Hunger: Public Enemy No.1
Let’s face it, dieting for fat loss is no fun. The constant feeling of hunger makes it tough to fight off cravings and stay on track with your fat loss goals. Luckily, there are quite a few hunger fighting strategies that can you can easily incorporate into your daily routine. Here are five hunger fighting strategies for you to try in your next fat loss phase.
1. Regularly incorporate protein into your meals and snacks
Protein is one of the best macronutrients for fat loss. Not only does it help with the retention of lean mass, it also has strong appetite suppressant effects. Higher protein diets have been shown to increase the feelings of fullness after meals. A rule of thumb that many of our Fuel clients follow is regularly incorporating about 20-30 g of protein per meal and 10-15 g of protein for snacks. For instance, 20 – 30 g of protein could look like a palm-sized portion of lean meat, 3 eggs, or a Greek yogurt with almonds. Good snacks include two cheese sticks, a beef jerky stick (depending on the brand), or a serving of dried edamame.
2. Incorporate high fiber foods
Fiber is another important nutrient to emphasize in a fat loss diet. High fiber foods include legumes (beans and nuts), fruits, vegetables, and whole grains. Fiber can help suppress appetite by adding bulk to your meals which is a key to signaling hunger fighting hormones. An easy strategy to incorporate is adding in at least two fist sized portions of non-starchy vegetables to each meal.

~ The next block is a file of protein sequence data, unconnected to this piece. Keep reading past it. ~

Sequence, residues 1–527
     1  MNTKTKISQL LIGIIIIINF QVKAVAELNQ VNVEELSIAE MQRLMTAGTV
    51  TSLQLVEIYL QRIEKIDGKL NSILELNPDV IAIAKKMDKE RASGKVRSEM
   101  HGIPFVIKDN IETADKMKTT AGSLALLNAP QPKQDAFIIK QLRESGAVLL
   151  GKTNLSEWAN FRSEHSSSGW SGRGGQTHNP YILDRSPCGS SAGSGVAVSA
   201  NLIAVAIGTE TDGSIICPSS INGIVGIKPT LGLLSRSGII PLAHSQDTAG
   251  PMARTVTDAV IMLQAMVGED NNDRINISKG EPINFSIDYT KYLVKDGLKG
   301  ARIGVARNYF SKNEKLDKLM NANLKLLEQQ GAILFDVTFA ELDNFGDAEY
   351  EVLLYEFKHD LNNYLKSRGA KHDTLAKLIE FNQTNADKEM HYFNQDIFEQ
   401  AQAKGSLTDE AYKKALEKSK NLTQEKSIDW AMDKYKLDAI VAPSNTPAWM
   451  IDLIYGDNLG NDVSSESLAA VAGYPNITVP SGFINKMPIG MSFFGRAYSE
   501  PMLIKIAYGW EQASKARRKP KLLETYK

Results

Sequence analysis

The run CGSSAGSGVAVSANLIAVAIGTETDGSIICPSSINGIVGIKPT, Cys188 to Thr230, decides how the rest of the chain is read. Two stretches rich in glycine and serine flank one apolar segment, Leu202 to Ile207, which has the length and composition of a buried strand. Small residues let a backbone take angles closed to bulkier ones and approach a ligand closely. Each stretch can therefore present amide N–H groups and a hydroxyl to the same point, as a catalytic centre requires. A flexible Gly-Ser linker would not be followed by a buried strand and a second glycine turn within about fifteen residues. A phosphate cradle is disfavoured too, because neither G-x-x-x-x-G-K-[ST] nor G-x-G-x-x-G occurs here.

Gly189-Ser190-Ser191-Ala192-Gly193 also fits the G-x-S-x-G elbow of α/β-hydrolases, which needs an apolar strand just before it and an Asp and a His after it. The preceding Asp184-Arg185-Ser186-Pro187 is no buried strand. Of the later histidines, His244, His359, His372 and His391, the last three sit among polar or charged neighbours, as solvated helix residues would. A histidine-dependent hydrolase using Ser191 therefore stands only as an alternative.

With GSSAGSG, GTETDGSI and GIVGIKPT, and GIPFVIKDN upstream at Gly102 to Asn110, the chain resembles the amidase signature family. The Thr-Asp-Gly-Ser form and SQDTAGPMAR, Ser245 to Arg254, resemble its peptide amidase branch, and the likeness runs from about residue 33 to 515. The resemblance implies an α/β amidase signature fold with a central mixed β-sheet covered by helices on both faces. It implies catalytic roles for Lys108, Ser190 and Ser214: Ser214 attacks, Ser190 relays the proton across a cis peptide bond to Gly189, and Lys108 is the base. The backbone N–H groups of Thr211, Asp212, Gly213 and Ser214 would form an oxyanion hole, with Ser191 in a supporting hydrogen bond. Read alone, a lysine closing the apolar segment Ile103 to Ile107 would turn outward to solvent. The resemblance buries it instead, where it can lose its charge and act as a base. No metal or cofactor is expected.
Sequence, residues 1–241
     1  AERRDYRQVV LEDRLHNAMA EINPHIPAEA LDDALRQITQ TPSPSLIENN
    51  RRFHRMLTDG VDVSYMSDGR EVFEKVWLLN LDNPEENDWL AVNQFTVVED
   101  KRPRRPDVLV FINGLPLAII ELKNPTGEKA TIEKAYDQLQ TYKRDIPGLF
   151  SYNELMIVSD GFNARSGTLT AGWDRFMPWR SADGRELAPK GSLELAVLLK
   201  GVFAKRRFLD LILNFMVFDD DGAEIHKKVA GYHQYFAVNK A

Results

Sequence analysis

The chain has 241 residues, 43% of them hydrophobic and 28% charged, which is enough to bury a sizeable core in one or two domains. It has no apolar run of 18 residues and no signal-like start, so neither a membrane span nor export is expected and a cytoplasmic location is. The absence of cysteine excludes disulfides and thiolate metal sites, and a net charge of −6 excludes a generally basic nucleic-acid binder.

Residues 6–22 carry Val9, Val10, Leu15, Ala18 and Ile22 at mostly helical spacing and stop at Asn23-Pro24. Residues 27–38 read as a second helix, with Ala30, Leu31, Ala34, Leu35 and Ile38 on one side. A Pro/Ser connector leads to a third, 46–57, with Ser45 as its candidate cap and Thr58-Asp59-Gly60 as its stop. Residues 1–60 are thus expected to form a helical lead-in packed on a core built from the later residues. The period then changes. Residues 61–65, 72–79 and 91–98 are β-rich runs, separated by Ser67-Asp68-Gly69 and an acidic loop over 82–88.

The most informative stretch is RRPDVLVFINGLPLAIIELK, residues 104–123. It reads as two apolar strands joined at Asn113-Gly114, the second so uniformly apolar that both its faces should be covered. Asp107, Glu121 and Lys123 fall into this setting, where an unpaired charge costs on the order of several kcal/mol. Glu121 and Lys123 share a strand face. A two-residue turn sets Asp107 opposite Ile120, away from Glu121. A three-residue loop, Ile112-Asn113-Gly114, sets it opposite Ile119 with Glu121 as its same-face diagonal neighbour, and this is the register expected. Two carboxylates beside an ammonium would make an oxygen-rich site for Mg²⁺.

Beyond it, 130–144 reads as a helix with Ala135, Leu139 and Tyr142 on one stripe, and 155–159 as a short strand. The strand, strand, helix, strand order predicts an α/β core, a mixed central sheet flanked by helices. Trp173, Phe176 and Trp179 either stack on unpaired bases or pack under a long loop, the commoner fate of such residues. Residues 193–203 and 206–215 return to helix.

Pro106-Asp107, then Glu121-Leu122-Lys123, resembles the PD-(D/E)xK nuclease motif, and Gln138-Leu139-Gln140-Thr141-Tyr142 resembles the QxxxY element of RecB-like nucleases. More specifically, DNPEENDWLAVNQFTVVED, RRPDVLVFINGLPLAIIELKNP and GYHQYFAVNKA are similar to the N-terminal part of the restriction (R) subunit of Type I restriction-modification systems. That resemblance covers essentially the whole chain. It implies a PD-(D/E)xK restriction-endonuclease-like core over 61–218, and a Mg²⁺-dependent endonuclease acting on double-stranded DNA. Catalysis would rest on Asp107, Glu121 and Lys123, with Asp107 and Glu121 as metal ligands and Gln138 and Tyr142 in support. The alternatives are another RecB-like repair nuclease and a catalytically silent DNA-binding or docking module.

3. Incorporate coffee into your day
This one is a personal favorite of mine. I mean who doesn’t love coffee? Coffee is full of antioxidants such as chlorogenic acid which has been shown to decrease appetite (interestingly, decaffeinated coffee has stronger appetite-suppressing effects although researchers are not sure why). Another strategy that many of our Fuel clients use involves incorporating our protein iced coffee recipe into their day. The hunger fighting effects of protein and coffee make an excellent combo to help you stay on track.
4. Eat slowly
It takes your brain roughly 20 minutes to get the message from your stomach that you should probably stop eating because you are full. Many of us probably take 10 minutes or less to finish our meals. An easy strategy to help slow down meals times to aim for a certain number of chews per bite or setting down your utensils in between bites.
5. Minimize distracted eating
Tell me if this scenario sounds familiar. It’s 7 pm on a Wednesday and you’re about to watch a few episodes of The Office before you call it a night. You open up a bag of chips for a snack and within 20 minutes you reach into the bag and find it completely empty. This is a perfect example of distracted eating. When you’re not fully paying attention to what you’re eating, you’re less likely to notice satiety cues (how full you are). Taking the time to pay attention to and savor your food will help you recognize when you’re truly satisfied. This results in less overeating and a more satisfying dining experience.